Why the need for network virtualization and software defined networking in a server virtualization environment?

Desai: While compute has been virtualized and pooled, network and security architectures have not kept pace with the virtualization of the data center. They are rigid, complex and create a costly barrier to realizing the full agility of cloud computing. A virtual machine can be provisioned in a matter of minutes, but "surrounding" that virtual machine with all the necessary network and security services still takes days. Current network and security architectures not only reduce efficiency, but also limit the ability of enterprises to rapidly deploy, move, scale and protect applications and data based on business needs.

Network virtualization helps overcome these data center challenges. Just as VMware vSphere abstracted compute capacity from the server hardware to create virtual pools of resources that can be consumed as a service, network virtualization abstracts the network into a generalized pool of network capacity. The unified pool of network capacity can then be optimally segmented into logical networks directly attached to specific applications. Customers can create logical networks that span of physical boundaries, optimizing compute resource utilization across clusters and pods. Unlike legacy architectures, logical networks can be scaled without reconfiguring the underlying physical hardware. Customers can also integrate higher-level services, such as firewalls, VPNs and load balancers, and deliver these services exactly where needed. Single-pane-of-glass management for all these services further reduces the cost and complexity of data center operations.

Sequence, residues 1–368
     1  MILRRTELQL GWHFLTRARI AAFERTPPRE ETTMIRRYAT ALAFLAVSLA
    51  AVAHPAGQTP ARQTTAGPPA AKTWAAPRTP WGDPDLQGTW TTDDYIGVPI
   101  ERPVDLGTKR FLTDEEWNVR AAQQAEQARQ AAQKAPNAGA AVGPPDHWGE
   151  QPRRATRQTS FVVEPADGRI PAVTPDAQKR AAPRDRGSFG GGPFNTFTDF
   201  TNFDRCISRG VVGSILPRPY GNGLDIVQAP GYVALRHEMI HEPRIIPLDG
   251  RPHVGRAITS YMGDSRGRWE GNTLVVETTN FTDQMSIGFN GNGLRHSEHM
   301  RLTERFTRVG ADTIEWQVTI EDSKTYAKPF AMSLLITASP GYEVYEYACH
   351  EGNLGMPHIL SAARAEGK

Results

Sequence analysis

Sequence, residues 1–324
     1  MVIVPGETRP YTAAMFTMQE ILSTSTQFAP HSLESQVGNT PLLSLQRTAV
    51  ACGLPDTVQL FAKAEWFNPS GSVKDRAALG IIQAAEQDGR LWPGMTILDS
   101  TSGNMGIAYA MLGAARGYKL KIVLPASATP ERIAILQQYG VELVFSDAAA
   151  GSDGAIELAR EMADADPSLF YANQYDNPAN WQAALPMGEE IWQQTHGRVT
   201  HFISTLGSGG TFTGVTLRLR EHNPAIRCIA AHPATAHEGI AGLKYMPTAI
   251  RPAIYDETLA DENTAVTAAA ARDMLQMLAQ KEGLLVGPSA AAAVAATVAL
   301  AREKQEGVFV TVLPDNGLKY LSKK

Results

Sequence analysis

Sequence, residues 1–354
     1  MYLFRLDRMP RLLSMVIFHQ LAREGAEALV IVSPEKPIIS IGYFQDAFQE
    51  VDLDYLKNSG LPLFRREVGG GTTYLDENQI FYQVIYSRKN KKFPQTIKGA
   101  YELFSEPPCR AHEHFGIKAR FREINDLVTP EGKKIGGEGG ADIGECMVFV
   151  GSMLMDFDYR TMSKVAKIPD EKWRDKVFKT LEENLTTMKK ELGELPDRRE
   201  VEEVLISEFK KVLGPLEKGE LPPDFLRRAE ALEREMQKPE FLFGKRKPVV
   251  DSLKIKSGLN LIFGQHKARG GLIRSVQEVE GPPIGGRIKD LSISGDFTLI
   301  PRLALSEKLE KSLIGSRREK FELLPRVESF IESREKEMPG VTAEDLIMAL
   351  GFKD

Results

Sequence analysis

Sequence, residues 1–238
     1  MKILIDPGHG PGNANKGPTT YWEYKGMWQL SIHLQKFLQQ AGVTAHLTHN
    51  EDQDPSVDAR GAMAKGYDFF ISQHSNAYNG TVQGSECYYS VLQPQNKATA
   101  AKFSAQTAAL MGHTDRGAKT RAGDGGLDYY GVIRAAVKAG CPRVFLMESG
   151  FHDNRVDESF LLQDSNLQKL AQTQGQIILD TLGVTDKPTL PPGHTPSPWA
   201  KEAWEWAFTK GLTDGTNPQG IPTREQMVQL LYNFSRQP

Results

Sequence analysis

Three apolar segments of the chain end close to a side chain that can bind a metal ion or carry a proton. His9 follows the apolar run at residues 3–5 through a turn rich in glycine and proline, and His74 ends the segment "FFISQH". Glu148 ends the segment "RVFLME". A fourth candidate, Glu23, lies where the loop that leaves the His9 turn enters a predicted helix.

How will the Nicira technology play into vSphere?

Desai: Network virtualization is already supported by VMware in the current offering of vSphere Nicira, which is designed for multi-hypervisor and non-vCloud environments. VMware and Nicira offerings will be brought together to offer a comprehensive network virtualization solution across any platform in the data center.

In part two of this Q&A with VMware's director of network product marketing, read more VMware networking details related to VXLAN overlays and vCloud features.